OAKLAND – California Attorney General Rob Bonta today led a coalition of state attorneys general in support of a challenge to an unconstitutional Arkansas law that prohibits healthcare professionals from providing transgender teenagers with medically necessary care. The coalition of 21 attorneys general filed an amicus brief in the U.S. Court of Appeals for the Eighth Circuit urging the court to affirm a district court judgment that blocked enforcement of Arkansas Act 626, the “Save Adolescents from Experimentation” or SAFE Act. Despite medical consensus that gender-affirming care has a positive impact on adolescents with gender dysphoria, the law seeks to prohibit physicians and other healthcare providers from referring or providing this treatment to minors.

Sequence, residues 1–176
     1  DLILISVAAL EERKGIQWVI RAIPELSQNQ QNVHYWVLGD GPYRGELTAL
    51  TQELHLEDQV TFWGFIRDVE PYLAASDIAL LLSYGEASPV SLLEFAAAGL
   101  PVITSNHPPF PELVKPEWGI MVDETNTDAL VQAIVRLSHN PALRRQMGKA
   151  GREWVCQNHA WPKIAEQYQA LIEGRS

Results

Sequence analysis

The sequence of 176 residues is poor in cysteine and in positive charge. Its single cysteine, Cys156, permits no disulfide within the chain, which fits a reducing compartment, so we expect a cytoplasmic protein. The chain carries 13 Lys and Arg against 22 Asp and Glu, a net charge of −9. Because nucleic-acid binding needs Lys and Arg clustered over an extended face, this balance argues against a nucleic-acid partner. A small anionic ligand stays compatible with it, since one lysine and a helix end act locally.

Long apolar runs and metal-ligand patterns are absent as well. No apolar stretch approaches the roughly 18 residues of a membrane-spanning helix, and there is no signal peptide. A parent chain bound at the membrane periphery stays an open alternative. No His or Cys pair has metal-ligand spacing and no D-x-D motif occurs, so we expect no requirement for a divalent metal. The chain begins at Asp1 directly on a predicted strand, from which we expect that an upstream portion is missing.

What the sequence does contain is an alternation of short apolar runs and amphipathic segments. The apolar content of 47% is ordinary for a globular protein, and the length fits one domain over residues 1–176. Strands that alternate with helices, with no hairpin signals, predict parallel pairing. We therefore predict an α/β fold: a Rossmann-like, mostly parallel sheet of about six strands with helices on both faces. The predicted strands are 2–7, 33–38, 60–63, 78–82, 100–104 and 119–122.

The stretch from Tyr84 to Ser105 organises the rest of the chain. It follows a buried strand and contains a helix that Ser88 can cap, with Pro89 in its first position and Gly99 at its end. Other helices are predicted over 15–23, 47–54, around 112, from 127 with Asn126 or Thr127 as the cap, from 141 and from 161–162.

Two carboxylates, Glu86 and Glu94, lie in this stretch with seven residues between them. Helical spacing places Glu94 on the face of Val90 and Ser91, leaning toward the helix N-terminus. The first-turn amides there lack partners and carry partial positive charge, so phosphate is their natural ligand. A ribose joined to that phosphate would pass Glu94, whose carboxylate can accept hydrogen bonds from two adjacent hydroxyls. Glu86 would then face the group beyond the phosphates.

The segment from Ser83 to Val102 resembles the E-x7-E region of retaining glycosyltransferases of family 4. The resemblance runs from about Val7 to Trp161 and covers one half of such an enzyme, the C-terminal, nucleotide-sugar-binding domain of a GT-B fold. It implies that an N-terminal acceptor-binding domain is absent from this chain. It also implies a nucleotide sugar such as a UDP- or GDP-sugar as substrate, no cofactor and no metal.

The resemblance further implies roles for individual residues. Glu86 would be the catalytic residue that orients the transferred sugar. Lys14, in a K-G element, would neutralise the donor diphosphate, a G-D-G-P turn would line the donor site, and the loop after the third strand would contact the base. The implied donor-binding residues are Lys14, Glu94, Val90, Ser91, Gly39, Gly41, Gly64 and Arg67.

“There are rights in this country that are inalienable and true for all, and the right to live with dignity, free from discrimination is one of them,” said Attorney General Rob Bonta. “Prohibiting young people from accessing healthcare that has been deemed medically necessary is irresponsible and not based in science or reason. In California, our laws seek to promote access to healthcare, not restrict it. My office will work to ensure Californians and all Americans are able to receive gender-affirming care in any state in this country.”
"It's unconscionable that anti-LGBTQ+ politicians in Arkansas have chosen to attack transgender children instead of loving, supporting and empowering them," said Equality California Executive Director Tony Hoang. "Every child deserves access to quality, affirming healthcare, no matter who they are or where they live. Attorney General Bonta has been a powerful champion for the trans community, and we are so grateful to him for his leadership in this fight."